Overall, the PPACA has shaken the financial competition of the insurance industry. I will provide more up-to-date statistics regarding the profits and losses the insurance sector incurs as more consumers obtain health insurance coverage throughout the next couple of years.

PPACA Impact on Individuals

Under the PPACA, all U.S. citizens and legal residents are required to enroll in a qualified health plan by March 1, 2014, or be subject to a tax penalty for not having health insurance coverage.  The open enrollment period runs from October 1, 2013 through March 31, 2014. Under the latest policy change, the Obama administration granted a six-week extension to people who sign up by the end of the open enrollment period to avoid latecomers facing a penalty due to a common practice of the insurance industry that clashes with the enrollment period. Because health insurance coverage generally starts on the first day of a given month and it takes up to 15 days to process applications, individuals would have to sign up by the middle of February to guarantee coverage on March 1, 2014 in order to avoid fines for being uninsured. However, since the enrollment period runs through March 31, 2014 someone signing up March 16, 2014, although well within the time period, would not be covered until April 1, 2014. This puts individuals at risk of being penalized for being uninsured part of the year and the extension fixes this obvious oversight by the Obama administration.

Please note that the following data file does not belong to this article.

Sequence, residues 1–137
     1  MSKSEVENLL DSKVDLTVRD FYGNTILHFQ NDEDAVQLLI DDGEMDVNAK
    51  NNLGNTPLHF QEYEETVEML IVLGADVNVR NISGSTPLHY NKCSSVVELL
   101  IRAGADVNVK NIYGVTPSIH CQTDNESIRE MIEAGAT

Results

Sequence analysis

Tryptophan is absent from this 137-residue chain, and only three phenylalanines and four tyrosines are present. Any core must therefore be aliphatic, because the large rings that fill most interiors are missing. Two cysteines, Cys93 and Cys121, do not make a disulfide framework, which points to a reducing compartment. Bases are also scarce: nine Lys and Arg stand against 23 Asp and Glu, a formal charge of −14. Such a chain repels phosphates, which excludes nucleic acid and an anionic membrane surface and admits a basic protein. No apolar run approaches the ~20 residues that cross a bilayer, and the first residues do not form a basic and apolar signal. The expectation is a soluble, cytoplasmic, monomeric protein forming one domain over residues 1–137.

Tax Penalty Guide

Tax Year

Tax Penalty